Saturday, August 16, 2008

Does Exercise Really Lead to Weight Loss?

     It's standard advice: to lose weight, exercise. But there are some who disagree, because physical activity makes you hungry. Or course, exercise has numerous benefits, but what is its real effect on hunger and weight?  
     The American College of Sports Medicine and the American Heart Association even said in a statement that “It is reasonable to assume that persons with relatively high daily energy expenditures would be less likely to gain weight over time, compared with those who have low energy expenditures. So far, data to support this hypothesis are not particularly compelling.”          Research has found that those who lose weight and keep it off tend to exercise. One recent study suggested 55 minutes, 5 days a week (or about 40 minutes every day.) But these studies don't isolate exercise as the sole factor contributing to the weight loss maintenance. In the study I mentioned, for instance, the women who lost weight exercised, but they ate less too.
     So does exercise contribute to weight loss, or do people who have healthy habits tend to exercise? 
     In New York Magazine, Gary Taubes points to Jean Mayer, influential nutritionist and former president of Tufts University,  as the person who pushed the "fitness revolution." Mayer is credited with defeating the current societal belief that exercise was bad for you. He noticed that thinner people exercised more, and concluded that exercise did not necessarily equal increased hunger. But Taubes claims the 2 studies that he used to prove this have never been replicated.
     Recent studies don't suggest that there is no connection between appetite and exercise. But one especially interesting study does suggest that appetite is related to the intensity of the exercise. Researchers studied the effect of high-intensity and low-intensity exercise on appetite in college women. (Low-intensity exercisers took an hour to burn 350 calories, equal to walking, high-intensity exercisers took about half an hour.) They found that high-intensity exercisers ate more after their work-out than low-intensity exercisers and a control group.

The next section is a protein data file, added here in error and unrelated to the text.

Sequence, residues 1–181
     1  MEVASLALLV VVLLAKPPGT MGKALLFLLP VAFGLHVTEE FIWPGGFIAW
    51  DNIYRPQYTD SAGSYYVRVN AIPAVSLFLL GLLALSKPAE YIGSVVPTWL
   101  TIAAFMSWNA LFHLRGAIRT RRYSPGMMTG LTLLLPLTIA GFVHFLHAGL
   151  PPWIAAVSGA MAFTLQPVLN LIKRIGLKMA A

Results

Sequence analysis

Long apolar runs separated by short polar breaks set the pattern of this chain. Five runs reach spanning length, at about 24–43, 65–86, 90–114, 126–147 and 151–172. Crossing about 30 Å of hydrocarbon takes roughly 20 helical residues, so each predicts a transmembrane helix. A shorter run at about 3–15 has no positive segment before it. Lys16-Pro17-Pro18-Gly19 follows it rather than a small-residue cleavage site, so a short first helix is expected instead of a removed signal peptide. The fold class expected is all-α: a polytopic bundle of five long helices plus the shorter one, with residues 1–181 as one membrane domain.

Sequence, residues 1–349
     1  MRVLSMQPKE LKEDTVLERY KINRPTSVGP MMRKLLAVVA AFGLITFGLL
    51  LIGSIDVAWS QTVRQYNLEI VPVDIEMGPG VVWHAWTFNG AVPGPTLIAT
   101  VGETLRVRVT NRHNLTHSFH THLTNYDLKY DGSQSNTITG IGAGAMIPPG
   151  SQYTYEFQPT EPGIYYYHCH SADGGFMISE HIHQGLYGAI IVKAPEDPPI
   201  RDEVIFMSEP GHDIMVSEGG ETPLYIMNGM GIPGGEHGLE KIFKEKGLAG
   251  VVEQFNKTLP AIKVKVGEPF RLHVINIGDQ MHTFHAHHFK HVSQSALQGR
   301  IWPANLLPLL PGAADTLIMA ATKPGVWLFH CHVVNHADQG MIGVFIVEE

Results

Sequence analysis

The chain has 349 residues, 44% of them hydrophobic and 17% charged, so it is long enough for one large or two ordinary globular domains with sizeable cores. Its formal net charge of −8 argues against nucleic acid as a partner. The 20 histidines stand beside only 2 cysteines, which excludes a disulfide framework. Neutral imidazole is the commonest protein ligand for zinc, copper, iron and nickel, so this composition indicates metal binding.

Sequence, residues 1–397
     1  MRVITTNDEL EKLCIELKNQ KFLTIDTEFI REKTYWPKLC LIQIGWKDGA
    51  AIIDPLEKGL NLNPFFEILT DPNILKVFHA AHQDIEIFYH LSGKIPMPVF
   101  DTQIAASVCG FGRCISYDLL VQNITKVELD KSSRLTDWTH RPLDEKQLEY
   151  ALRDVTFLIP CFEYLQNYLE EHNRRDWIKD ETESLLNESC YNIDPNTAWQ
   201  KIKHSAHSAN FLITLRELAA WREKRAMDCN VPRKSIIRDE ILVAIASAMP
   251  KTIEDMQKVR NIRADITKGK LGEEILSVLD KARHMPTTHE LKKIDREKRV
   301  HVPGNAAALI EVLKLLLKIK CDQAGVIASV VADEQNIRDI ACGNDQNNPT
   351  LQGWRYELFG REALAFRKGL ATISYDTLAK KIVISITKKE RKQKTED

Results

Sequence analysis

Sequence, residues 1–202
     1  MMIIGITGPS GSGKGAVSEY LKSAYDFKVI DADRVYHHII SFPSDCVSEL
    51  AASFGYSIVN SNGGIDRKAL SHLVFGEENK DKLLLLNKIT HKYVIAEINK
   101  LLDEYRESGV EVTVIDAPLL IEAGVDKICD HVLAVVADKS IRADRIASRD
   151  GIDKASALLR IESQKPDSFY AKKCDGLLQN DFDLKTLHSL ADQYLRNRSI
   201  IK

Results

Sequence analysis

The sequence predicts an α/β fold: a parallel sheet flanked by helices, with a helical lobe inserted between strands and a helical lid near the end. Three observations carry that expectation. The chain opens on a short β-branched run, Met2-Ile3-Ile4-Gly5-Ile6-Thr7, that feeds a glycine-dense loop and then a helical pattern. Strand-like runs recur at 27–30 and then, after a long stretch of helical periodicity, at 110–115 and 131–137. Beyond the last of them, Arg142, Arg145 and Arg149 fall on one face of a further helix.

The study really got interesting when the researchers calculated "relative energy intake," or the calories each group consumed not included the calories they burnt off through exercise. The researchers concluded that there were "no significant differences" between the groups. However, it is worth noting that low-intensity exercises had the lowest food intake when the calories burnt from exercising were subtracted. Low-intensity exercisers consumed an average of 2397 calories a day, but 2100 a day after subtracting calories burnt from exercise. High-intensity exercisers consumed 2580, 2266 for relative energy intake. The control group had 2285. In other words, this study suggest that for those watching their weight, low-intensity exercise is best. 
     Jean Mayer suggested that exercise doesn't have to lead to increased hunger. This study helped show us where the line is. And if you want to engage in vigorous exercise, like I do, at least you'll now be a little bit more informed.


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